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Home Server Rooms? 464

Posted by Cliff
from the things-you-might-do-to-a-den dept.
Tuzanor writes "I've got a buddy moving into a brand new house. Being geeks, we've decided to wire the house with a large home network. While this story took care of wiring the house, we need to figure out how to create a well set up server room. We'll be having both towers and rack mounted computers as well as various switches, UPSes, etc. Also, we figure this room will get warm, even in winter. How may we cool it while still keeping the rest of the house toasty warm on a cold Canadian night (without opening a window)"
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Home Server Rooms?

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  • Come on... (Score:4, Insightful)

    by GigsVT (208848) on Saturday December 15, 2001 @08:06PM (#2709488) Journal
    Is this a serious question?

    Just set up the ventilation system to suck warm air from the top of the server room, and pipe it to the colder rooms in the house.

    For air return, install intakes near the bottom of some of the colder rooms.

    It would cost like $50 at a home improvement store to get enough flexible ducting and registers.

    Go to a surplus site like and get some AC powered fans with a good CFM output.
  • Re:ceiling vent (Score:2, Insightful)

    by skroz (7870) on Saturday December 15, 2001 @08:09PM (#2709496) Homepage
    Temperature is not the only problem; you also have to consider relative humidity. Opening a window may introduce more problems than it solves.
  • Heat, Noise Issues (Score:2, Insightful)

    by rmckeethen (130580) on Saturday December 15, 2001 @08:17PM (#2709532)

    Personally, I've got my boxen sitting within inches of the furnace and I've had them there for months without a problem. I live in Seattle, about 125 miles from the Canadian border so the climate is somewhat similar. Unless your buddy is looking at putting in loads of servers and other equipment I can't imagine that you'd have a problem. If you really want to 'do it right' you can usually get most manufacturers to give you the heat output rates for their equipment in BTUs per hour. Add all the rates together then you'll have an idea of how bad things are likely to get. I would imagine you'd have more problems with too much heat then not enough; it might not be a bad idea to check the room where the rack is going to go and verify that it has adequate ventilation to carry the heat load. Stick a wall-mounted thermometer in and see how it goes over time.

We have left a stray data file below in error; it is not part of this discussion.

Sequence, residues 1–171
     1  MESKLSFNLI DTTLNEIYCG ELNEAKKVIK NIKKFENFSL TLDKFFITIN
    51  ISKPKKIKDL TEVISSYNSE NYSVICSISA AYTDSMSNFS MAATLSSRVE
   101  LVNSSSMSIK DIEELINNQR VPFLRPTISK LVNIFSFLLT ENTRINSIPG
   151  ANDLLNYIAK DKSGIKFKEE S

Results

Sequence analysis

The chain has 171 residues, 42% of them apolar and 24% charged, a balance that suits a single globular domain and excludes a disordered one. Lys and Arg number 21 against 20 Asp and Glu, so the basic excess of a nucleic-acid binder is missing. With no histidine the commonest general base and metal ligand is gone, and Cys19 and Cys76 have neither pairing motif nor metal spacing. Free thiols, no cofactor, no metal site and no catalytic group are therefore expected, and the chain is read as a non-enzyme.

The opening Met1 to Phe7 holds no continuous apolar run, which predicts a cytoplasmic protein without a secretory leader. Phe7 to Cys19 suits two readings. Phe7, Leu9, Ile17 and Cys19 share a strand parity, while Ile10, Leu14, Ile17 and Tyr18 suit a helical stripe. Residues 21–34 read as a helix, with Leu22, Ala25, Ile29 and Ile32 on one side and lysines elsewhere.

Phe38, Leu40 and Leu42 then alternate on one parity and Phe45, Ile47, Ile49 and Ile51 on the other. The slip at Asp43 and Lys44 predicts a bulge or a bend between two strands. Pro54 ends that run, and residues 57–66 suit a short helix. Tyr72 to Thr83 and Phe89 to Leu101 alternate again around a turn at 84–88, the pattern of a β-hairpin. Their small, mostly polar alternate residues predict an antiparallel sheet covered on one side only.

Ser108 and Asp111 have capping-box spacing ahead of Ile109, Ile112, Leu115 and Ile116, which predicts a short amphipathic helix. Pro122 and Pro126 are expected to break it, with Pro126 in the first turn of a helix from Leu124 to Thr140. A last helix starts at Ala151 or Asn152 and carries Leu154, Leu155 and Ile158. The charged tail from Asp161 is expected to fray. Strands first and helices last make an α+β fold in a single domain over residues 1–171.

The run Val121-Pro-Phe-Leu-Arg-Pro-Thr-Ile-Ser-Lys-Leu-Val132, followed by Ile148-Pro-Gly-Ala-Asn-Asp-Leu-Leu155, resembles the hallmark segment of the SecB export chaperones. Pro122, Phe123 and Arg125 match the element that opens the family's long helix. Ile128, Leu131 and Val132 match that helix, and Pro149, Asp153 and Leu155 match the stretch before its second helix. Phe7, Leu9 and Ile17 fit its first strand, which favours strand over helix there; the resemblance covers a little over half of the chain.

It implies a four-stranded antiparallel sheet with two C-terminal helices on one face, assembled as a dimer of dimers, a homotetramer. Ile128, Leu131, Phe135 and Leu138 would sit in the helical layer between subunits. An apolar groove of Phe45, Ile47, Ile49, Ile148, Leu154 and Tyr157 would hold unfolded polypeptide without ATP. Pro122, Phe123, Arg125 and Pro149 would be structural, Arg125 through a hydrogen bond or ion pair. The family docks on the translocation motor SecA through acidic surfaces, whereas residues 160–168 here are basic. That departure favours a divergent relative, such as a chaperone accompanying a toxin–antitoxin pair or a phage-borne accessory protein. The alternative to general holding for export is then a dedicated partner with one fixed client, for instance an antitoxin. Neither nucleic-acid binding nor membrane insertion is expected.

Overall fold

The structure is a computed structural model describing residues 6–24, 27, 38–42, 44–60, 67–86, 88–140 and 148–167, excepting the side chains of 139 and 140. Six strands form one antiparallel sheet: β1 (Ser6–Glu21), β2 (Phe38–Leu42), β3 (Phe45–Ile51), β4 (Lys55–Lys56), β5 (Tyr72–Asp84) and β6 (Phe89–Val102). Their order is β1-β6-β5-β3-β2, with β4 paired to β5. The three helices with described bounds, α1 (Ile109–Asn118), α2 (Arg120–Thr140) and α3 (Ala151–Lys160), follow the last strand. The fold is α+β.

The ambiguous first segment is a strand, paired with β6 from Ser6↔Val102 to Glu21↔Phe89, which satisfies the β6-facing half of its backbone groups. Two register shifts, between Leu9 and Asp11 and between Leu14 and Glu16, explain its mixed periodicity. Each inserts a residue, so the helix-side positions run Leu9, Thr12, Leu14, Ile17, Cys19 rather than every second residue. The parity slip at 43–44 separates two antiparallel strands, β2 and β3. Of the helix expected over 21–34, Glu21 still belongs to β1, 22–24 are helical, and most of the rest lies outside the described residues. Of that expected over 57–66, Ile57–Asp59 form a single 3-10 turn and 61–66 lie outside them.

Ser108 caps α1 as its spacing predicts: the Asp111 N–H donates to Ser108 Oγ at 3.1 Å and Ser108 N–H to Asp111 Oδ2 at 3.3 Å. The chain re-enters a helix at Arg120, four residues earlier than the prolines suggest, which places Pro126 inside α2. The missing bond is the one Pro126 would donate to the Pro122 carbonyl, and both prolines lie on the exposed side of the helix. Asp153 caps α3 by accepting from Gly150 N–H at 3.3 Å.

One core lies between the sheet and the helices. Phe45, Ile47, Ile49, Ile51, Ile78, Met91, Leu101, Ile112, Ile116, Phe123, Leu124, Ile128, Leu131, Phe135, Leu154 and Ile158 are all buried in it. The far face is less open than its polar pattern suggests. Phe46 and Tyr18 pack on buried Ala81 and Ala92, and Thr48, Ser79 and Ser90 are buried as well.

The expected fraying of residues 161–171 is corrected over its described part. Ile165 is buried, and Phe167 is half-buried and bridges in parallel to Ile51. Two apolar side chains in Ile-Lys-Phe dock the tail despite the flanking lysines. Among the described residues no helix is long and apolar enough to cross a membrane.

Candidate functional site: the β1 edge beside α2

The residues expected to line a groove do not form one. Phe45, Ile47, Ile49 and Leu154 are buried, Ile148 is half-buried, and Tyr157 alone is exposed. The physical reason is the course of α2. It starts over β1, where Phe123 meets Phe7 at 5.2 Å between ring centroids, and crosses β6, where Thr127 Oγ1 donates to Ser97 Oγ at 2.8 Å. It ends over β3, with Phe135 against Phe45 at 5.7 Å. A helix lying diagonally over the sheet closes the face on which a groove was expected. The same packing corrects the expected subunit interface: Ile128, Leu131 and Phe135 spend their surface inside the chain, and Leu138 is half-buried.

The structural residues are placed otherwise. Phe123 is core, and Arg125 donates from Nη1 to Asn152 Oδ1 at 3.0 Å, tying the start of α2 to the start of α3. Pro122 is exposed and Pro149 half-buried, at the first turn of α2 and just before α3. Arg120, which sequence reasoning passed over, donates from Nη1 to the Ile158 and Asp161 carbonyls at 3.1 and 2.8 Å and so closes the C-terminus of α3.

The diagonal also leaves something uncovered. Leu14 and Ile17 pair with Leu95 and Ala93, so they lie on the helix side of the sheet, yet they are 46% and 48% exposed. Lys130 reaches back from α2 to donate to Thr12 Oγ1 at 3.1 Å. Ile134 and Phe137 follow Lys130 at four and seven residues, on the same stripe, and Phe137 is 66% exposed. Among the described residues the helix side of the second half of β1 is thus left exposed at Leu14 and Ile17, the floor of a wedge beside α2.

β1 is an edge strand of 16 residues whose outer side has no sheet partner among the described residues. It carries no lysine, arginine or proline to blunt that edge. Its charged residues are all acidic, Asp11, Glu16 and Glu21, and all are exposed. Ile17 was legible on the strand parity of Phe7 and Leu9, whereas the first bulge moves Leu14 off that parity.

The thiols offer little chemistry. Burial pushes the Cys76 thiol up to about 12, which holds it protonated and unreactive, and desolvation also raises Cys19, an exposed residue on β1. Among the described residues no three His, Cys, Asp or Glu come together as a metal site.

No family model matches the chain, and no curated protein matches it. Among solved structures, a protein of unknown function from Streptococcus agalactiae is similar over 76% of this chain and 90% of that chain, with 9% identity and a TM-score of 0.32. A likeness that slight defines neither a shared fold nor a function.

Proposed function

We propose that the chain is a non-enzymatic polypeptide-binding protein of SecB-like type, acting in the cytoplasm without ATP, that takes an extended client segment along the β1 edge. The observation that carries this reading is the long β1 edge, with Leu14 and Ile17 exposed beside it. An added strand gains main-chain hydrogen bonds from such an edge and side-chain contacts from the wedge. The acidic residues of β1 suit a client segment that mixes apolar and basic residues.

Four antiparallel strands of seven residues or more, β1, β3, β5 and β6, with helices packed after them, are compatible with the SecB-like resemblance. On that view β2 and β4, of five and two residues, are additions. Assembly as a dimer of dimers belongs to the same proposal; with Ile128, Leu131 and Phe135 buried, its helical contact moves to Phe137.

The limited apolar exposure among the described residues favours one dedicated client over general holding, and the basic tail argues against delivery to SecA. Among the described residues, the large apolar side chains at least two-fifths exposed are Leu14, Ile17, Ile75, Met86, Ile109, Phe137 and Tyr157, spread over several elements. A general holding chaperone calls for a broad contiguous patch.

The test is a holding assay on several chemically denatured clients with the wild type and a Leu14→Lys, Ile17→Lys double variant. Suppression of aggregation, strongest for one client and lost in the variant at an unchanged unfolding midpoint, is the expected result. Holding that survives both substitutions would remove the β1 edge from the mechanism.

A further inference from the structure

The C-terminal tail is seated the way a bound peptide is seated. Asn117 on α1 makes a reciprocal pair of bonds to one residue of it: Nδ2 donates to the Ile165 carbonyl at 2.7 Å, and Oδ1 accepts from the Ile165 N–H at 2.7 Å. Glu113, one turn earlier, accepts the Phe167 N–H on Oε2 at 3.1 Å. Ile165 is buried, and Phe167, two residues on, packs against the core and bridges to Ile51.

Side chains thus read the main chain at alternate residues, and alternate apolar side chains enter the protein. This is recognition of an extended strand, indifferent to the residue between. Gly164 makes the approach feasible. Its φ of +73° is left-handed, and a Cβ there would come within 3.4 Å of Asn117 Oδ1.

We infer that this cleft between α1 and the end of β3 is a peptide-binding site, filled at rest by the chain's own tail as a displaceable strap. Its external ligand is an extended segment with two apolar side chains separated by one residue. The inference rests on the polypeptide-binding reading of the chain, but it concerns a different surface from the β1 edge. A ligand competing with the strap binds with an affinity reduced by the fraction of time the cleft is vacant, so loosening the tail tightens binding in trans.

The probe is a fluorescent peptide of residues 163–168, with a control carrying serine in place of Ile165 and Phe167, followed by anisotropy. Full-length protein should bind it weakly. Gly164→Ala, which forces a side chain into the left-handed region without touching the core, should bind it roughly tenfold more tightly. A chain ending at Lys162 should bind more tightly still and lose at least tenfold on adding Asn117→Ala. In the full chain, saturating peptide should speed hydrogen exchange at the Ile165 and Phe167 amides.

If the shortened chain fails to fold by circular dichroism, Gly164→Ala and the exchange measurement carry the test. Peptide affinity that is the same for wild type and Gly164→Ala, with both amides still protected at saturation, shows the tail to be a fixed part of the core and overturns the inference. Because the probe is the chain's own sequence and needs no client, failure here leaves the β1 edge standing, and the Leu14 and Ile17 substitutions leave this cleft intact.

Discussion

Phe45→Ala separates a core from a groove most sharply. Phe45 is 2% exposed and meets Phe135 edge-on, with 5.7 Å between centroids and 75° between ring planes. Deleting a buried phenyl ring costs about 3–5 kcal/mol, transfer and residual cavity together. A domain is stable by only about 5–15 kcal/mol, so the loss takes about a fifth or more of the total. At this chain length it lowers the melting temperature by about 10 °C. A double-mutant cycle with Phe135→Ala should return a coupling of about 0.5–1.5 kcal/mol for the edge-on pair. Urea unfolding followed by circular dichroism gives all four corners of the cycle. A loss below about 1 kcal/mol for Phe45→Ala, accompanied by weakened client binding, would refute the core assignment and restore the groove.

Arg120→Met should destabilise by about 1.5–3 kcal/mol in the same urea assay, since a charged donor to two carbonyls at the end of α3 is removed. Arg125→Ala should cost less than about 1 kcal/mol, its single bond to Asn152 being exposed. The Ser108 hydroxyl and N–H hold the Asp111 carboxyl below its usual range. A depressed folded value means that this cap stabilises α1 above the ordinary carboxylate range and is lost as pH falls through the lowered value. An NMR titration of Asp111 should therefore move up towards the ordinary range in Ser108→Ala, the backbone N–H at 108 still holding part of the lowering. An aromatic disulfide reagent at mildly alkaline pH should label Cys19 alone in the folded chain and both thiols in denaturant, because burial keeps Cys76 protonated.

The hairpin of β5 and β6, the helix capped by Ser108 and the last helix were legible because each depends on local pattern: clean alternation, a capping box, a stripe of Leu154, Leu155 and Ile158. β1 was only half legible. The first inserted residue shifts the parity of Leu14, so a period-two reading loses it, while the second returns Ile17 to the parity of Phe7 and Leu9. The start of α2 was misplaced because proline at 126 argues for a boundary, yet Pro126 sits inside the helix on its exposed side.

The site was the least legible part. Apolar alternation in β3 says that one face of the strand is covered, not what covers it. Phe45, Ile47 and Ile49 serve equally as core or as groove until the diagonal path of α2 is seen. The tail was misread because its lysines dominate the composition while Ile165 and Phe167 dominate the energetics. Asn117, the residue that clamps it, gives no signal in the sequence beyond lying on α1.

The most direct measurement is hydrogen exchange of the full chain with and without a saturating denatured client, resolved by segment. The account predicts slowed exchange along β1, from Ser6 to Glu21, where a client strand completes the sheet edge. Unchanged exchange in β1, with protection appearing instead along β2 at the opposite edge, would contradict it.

One thing that you should really think about with rack equipment is the noise level. Manufacturers of rack-mounted equipment just love to shove lots and lots of fans in the backsides of their boxes; this tends to make a great deal of unwanted noise. Unless the plan is to have all this stuff in a separate room where no one is going to be in you might want to consider spending the extra money and get a glass or plastic enclosed rack. It costs more but hey, it definitely has the cool factor covered.

  • Re:electricity (Score:4, Insightful)

    by J.C.B. (141141) on Saturday December 15, 2001 @08:28PM (#2709568) Homepage
    There's still no reason to waste it. He lives in Canada, I live in North Dakota, I could use the heat put out by a server room during the winter. It would sure save on heating.
  • by MBCook (132727) <> on Saturday December 15, 2001 @08:43PM (#2709603) Homepage
    Why not run ducts behind all the computers and have those ducts be the intake from outside for the heater? That way, the air comes in cold, get's warmed up (so your heater doesn't have to do as much) and cools the computers/room (serving it's purpose), then it's business as usual.

    Another suggestion is that when I lived in Salt Lake City our house had water heating. What if you ran pipes behind the computers with fins on the pipes (like a heatsink) then that water could go into the hot water heater. Once again, saving you some money.

    Where is the room located physically? Don't forget that an underground external room (as opposed to a room in the middle of the house) will be cooler.

    Being true geeks, you're probably not opposed to spending some moolah on this. What about doing something like this [] guy did? If you buried a few large tanks deep the ground deep so it's below the frost line, you'd get cold water for free. Then just hook all you're PCs into water cooling. Have them all draw from the same spot, and then all empty back in. That way you get free cooling and it'd be quiet. If you look back at my earlier suggestion involving the water heater, you'd be all set.

  • by Kymermosst (33885) on Saturday December 15, 2001 @10:30PM (#2709816) Journal
    You know, geeking out now and then is cool and all, but why, exactly, do you need this much server equipment for a "home network?"